James Fergusson began his award-winning journalism career in 1989 at The Independent and has also written for The Times, The Daily Mail and The Economist. His current affairs reporting spans Europe, North and East Africa, the Far East, the Caribbean, Central Asia, and Afghanistan. During his two years in Sarajevo, he worked as a spokesman for the body charged with implementing the Dayton Peace Accord ending Bosnia's civil war in 1995, The Office of the High Representative. Following this, he spent some time at a London-based corporate intelligence firm.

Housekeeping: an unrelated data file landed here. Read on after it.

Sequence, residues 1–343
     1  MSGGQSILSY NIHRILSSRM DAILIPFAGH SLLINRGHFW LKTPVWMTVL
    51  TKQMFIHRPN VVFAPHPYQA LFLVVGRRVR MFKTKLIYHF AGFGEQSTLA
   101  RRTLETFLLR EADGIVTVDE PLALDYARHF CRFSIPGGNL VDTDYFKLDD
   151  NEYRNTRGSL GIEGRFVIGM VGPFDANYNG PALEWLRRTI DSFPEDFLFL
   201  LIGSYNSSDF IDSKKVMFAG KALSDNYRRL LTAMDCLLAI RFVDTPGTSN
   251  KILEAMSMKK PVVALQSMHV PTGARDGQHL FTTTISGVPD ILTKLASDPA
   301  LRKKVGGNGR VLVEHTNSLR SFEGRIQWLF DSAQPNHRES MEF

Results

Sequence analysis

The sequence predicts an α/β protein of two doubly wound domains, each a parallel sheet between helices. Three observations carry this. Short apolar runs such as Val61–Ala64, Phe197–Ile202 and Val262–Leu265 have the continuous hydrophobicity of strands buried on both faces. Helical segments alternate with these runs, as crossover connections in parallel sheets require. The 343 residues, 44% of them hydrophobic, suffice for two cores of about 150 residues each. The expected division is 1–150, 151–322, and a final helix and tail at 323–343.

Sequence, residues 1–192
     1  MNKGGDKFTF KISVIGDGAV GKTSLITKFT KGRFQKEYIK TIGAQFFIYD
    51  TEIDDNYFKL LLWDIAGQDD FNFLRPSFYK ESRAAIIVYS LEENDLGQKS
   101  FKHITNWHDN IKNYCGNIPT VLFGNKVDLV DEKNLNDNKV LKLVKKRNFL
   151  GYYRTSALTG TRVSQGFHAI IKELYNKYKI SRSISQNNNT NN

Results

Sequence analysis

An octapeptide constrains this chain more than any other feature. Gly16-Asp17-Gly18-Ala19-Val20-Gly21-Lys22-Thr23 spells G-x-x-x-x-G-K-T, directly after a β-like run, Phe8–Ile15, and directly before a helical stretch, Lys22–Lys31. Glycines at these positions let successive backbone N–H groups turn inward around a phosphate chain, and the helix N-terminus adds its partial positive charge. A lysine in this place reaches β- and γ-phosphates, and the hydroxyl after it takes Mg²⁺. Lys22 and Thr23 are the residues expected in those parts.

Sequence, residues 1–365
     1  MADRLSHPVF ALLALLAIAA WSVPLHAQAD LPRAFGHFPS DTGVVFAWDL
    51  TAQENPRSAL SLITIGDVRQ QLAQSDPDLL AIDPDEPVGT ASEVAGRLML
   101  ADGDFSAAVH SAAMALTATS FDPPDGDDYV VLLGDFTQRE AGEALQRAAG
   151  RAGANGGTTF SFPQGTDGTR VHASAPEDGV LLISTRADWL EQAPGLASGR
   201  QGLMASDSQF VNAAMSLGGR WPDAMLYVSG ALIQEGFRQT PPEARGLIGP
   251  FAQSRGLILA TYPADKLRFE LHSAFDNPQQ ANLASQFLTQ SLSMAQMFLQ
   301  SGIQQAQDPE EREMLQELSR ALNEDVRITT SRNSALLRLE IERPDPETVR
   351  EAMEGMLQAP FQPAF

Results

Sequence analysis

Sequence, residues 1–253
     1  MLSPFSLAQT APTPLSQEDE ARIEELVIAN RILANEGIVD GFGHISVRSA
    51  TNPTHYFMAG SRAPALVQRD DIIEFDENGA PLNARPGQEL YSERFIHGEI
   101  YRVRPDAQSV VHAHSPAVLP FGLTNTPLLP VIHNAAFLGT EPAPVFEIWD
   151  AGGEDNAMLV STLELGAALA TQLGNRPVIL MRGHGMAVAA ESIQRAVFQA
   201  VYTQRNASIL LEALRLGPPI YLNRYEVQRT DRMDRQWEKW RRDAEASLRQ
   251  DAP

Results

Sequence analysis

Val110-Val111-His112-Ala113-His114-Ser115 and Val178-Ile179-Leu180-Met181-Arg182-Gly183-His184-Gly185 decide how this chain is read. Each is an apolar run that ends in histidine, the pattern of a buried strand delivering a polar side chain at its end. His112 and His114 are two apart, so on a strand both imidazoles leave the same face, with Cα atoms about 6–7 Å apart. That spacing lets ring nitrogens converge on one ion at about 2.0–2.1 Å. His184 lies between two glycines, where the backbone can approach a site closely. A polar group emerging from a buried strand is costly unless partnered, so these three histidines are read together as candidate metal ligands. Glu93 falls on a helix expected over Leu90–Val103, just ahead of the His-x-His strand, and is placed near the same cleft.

Today, he is a regular TV and radio correspondent on Afghanistan and the Taliban, and a bestselling author. His books include Kandahar Cockney (Radio 4 Book of the Week); The Vitamin Murders; A Million Bullets (British Army’s Military Book of the Year and became required reading for many Staff College courses); The Taliban; Inside the World’s Most Dangerous Place (shortlisted for the Orwell Prize 2014 and the Paddy Power Political Book Awards International Book of the Year). His most recent title, Al-Britannia, My Country, is a ground-breaking exploration of the often-misunderstood Muslim communities across the UK.